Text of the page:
Although the date changes from year to year, Midsummer usually takes place on the Saturday between the 20th to the 26th of June. In 2020, Midsummer falls on Saturday, the 20th of June. For Finnish people, this national holiday is one of the highlights of summer and time for their annual vacation. It’s also a popular weekend for weddings, so if you do happen to visit around this time, expect to see many glowing brides out and about.

How to celebrate Midsummer

Midsummer reaches its zenith around June’s summer solstice, and festivities will begin a few days before Midsummer’s Eve. While many locals stay in the city to party, plenty love to get away at this time as well by visiting a cabin or cottage or by heading to one of Finland’s spectacular islands. 

Some top activities during Midsummer include barbeques, bathing in saunas, camping, hiking, fishing, and even boating. What you can expect, no matter where you happen to be in Finland — as part of the older traditions associated with this national holiday — are bonfires throughout the country.

A large bonfire in Helsinki, Finland, in celebration of Midsummer
The Seurasaari Midsummer Bonfires in Helsinki are not to be missed! | © Ninara/Flickr

In the old days, these bonfires were lit to ward off evil spirits and to ensure a bountiful harvest. But having a good time has always been part and parcel of Midsummer celebrations. Finnish legend has it that boisterous behaviour can keep evil spirits at bay, and some even believed that the more they were able to drink, the better the crop would be at the end of summer! Locals would also cast spells, and the most popular of charms were for increasing fertility and finding spouses.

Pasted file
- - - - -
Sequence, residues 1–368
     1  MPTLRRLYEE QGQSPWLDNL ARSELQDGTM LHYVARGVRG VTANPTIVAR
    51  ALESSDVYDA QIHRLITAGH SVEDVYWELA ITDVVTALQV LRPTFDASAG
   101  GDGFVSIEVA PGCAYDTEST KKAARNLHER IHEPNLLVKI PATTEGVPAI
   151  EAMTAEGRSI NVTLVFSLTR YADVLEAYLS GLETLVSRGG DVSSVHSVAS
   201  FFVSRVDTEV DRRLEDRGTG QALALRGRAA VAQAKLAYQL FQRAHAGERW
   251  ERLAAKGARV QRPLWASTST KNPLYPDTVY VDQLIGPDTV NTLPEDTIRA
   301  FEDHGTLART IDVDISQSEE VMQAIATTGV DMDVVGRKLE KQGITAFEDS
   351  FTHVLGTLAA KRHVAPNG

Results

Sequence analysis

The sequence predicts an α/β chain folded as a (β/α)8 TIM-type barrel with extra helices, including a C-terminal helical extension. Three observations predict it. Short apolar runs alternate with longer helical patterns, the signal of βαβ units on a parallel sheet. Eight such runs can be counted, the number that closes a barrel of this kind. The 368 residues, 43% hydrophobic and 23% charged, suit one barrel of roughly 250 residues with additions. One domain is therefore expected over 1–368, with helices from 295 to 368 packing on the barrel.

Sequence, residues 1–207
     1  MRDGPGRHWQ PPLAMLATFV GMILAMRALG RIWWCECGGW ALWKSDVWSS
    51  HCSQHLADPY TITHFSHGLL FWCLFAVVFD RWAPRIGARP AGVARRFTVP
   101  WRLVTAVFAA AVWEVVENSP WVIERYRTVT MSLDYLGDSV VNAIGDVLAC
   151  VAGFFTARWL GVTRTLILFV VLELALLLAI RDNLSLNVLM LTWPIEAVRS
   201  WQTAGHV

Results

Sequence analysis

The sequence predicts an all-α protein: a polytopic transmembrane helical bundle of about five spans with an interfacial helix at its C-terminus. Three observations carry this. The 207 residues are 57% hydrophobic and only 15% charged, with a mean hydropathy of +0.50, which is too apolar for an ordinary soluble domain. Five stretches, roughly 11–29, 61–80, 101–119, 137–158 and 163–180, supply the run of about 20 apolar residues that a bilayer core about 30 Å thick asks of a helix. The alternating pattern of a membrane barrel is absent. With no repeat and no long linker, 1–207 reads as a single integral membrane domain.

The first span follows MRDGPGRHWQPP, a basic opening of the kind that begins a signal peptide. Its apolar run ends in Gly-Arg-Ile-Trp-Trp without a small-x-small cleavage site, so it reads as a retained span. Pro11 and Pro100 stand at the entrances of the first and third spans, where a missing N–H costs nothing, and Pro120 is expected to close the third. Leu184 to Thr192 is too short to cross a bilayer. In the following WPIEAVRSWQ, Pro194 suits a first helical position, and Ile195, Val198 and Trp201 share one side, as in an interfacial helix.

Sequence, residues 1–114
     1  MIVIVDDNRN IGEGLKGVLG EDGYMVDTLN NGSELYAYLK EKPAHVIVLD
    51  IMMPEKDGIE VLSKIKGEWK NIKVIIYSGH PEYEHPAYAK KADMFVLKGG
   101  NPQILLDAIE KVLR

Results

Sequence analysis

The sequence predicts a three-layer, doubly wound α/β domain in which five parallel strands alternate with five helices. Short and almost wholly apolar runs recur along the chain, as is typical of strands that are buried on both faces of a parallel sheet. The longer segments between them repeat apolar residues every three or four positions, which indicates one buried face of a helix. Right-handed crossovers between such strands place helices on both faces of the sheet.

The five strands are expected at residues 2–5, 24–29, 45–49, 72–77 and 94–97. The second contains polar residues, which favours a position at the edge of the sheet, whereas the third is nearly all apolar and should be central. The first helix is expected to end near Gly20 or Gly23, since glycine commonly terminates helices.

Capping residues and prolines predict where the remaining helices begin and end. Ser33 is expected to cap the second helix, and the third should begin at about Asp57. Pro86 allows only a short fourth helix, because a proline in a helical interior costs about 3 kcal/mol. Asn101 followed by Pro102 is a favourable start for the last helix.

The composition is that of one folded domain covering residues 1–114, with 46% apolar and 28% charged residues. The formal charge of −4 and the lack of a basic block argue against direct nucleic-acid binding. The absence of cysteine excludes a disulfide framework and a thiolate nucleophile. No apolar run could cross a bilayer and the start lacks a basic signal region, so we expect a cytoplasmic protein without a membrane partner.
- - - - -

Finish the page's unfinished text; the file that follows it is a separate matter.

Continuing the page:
Along with bonfires and incantations, other Finnish Midsummer traditions include events and festivals throughout the country that last until the early hours of the morning and midnight swims in satisfyingly warm water.

11 ways to celebrate Midsummer in Finland

If you want to experience this national holiday like one of the locals, here’s your checklist!

Go to a bonfire on the night of Midsummer Eve: No matter what you do, this has to be number one on the list. How else are you going to keep those evil spirits at bay? 

Bathe in a sauna: The best way to enjoy the Midnight Sun and a Finnish tradition at the same time is by relaxing in the intoxicating heat of a sauna with the added twist of birch branches. After lighting a sauna fire, locals like to increase circulation in their body by beating their skin with birch branches, and then cool-off by pouring cold water over each other or taking a dip. 

A group of Finnish men on a party boat on a river in Finland